Publicist and manager Glenn Rose died of heart failure Nov. 21 in West Hollywood. He was 89.
For decades, Rose was one of Hollywood’s top publicists, representing stars including Sean Connery, Milton Berle, Ella Fitzgerald, Lana Turner, Judy Garland, Maurice Chevalier, The Marx Brothers, Edward G. Robinson and Mae West.
Rose also formed the the Society of Personal Managers.
Born in Chicago, he began his career at age 17 as the youngest contract writer on radio show, “Matinee Frolics.” During that period, he wrote a song for Milton Berle and was signed to write jokes for Berle. Shortly thereafter, he moved to Los Angeles where he entered the PR business with Alan Gordon and Associates. He later became a partner in Gordon’s firm.
He then opened his own public relations company representing numerous celebrities and films including several James Bond films.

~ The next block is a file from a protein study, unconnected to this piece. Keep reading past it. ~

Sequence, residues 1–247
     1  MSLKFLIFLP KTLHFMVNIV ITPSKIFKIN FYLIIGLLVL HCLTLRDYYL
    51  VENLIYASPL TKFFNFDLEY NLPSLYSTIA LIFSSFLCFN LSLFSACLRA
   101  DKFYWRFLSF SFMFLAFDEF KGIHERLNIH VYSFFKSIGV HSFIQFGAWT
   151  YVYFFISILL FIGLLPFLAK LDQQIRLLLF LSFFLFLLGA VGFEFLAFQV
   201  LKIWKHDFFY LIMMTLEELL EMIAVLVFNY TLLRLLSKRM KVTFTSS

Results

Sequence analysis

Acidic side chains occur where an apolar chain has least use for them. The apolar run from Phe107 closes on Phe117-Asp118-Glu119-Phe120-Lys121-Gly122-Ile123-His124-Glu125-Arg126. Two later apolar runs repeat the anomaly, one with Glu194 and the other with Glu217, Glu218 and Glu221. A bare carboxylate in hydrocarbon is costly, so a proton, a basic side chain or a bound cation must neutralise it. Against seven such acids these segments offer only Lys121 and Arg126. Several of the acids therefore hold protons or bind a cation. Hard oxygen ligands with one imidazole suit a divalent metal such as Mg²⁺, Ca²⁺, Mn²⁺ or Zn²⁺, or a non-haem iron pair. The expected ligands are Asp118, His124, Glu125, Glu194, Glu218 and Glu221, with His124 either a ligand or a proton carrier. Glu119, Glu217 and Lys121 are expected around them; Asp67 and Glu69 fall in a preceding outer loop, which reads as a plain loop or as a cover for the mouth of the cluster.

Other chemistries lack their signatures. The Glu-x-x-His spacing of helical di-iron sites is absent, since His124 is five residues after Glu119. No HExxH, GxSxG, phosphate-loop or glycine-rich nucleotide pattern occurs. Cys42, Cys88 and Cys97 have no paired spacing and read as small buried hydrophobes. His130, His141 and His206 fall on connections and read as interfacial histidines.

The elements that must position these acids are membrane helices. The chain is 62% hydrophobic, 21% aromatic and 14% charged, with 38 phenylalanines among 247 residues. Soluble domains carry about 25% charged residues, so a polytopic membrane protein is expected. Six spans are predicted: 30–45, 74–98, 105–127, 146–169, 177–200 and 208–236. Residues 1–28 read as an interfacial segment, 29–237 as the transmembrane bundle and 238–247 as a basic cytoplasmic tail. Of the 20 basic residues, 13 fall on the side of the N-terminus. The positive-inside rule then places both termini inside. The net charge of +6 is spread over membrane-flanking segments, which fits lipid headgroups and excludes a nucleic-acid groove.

Rose segued into personal management, with Donald O’Connor, Eve Arden and Barbara Rush among his clients. During this period, he also wrote and produced several TV shows in which Arden starred.
Rose was a key figure in the Lana Turner scandal, as Turner took refuge at Rose’s house for two days following the killing of her gangster lover, Johnny Stompanato, by her daughter Cheryl Crane. For several years, Rose kept possession of the letters from Turner to Stompanato. Later, they mysteriously disappeared from his files.
He is survived by two grandchildren.
Donations may be made to Friendly House, 347 S. Normandie Ave., Los Angeles 90020.